The chronosystem is the most detached part of the environment influencing child development (Bronfenbrenner 2005). Despite that, it is still closely interwoven into a child’s behavior shaping. These chronological changes may involve the family moving to another place, or the birth of another child, or one of the parents gets an outside job (Blackmore et al. 2008). These alternations differently influence a child at two stages of development but the common thing is that the problem centers on a child’s age. Hence, the child under the age of six can feel more disturbed if he/she has shared the parents’ attention with another child. The same concern refers to adolescent children who are already less controlled by their parents. In both cases, the lack of attention generates aggression.

As it can be seen, be Bronfenbrenner’s ecological theory make much sense, as it fosters a better understanding of the psychological process influencing child development. The main merit of this research lies in the analysis of psychological behavior of children in different natural, cultural, and ecological contexts. Considering the study of aggressive behavior among children of different ages, this theory has managed to clarify the major reasons for this problem.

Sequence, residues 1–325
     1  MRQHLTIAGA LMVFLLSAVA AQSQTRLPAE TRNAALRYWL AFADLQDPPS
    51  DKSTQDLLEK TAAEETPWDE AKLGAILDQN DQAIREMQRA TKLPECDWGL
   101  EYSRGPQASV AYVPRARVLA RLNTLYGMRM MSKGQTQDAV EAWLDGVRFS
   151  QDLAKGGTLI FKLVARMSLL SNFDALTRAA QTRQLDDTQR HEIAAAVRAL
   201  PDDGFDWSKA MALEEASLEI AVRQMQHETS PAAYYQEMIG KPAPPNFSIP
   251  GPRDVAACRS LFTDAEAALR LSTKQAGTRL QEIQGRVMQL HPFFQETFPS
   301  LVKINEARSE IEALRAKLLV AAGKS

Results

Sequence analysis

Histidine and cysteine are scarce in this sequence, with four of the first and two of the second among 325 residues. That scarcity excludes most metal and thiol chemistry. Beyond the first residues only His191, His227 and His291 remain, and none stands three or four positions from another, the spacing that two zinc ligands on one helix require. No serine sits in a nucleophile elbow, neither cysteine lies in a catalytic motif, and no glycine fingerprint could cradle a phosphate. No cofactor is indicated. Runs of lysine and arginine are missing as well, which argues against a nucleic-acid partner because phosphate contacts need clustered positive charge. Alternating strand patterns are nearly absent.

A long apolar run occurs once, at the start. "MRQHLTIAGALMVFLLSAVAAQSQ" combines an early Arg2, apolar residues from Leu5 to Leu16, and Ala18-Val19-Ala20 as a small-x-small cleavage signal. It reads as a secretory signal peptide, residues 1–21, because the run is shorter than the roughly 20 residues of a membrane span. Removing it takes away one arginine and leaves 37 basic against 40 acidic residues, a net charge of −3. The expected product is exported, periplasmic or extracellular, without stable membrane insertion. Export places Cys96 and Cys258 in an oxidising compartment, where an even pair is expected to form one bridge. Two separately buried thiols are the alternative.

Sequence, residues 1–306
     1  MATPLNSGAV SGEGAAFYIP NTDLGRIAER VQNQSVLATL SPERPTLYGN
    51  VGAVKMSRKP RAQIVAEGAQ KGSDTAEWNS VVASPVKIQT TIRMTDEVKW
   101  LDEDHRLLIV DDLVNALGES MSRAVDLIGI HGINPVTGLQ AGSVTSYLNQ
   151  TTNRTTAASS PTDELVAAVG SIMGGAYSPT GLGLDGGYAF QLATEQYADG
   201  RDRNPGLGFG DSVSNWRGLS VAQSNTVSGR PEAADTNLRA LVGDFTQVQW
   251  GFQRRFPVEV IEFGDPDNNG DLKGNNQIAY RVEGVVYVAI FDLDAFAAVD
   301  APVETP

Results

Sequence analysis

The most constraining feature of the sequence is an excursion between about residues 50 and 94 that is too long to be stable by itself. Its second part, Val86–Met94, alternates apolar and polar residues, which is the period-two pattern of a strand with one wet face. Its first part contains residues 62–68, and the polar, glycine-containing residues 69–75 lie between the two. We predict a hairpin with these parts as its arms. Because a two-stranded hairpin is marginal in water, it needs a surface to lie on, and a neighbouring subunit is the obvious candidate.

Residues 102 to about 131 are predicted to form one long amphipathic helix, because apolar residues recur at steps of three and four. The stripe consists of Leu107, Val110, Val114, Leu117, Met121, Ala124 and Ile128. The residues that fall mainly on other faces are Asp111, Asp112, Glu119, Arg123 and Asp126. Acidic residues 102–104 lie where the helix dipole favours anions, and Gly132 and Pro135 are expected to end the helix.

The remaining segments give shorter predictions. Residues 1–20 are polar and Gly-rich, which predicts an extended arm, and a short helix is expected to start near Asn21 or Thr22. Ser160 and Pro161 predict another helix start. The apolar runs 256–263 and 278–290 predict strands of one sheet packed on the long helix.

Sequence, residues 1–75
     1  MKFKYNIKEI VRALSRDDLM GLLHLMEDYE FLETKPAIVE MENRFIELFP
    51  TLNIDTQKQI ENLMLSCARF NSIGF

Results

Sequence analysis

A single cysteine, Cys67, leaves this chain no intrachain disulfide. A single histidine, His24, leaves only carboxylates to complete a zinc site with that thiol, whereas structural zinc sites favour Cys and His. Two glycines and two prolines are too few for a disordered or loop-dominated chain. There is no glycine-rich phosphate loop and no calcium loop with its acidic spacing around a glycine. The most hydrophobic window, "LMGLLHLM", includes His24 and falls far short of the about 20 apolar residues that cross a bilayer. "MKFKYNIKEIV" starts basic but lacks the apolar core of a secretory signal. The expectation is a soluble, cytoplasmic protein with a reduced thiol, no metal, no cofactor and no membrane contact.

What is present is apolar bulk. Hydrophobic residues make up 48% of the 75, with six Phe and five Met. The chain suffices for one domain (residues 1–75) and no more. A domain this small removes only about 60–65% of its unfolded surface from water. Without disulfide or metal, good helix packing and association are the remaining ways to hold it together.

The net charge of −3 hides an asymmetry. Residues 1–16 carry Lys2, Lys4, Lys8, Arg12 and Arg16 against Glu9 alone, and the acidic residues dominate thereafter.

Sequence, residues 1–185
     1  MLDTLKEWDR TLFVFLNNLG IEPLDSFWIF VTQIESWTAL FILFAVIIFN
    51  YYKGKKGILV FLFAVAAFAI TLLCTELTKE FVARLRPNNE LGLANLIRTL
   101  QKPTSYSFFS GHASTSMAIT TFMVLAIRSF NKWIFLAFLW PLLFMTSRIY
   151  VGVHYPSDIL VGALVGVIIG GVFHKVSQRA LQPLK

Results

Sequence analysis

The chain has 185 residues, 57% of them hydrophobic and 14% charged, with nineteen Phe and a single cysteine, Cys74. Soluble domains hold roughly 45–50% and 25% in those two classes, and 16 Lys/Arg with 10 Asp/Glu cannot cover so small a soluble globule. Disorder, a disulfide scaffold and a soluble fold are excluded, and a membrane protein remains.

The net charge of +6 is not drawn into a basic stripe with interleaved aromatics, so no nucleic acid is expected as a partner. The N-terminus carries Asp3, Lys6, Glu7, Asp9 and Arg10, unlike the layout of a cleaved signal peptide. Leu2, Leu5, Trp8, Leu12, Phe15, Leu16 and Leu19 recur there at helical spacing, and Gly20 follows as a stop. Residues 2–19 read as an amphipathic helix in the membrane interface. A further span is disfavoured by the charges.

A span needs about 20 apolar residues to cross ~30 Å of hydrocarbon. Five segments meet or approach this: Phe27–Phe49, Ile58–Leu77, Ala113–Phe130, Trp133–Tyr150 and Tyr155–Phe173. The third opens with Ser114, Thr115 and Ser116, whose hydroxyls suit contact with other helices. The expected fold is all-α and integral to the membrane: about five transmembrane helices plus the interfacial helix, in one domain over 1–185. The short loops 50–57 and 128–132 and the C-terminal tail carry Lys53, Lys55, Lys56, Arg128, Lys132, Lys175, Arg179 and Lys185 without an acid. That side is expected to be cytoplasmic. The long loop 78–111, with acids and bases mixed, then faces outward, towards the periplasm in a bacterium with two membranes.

Reference

Blackmore, O. J., Benerenbaum, S.A., Liben, L.S. (2008). Gender development. US: CRC Press.

Bronfenbrenner, U. (2005). Making human beings human: bioecological perspectives on human development. US:SAGE.

Sadock, B. J., Sadock, V. A., Levin, Z. (2007). Kaplan and Sadock study guide and self-examination in psychiatry. US: Lippincott Williams & Wilkins.

Siegel, L. J., and Welsh, B. C. (2008). Juvenile Delinquency: Theory, Practice, and Law. US: Cengage Learning.

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Slee, P. T. (2002). Child, adolescent, and family development. Australia: Cambridge University Press.

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StudyCorgi. (2021) 'Special Stages of Childhood Development'. 30 December.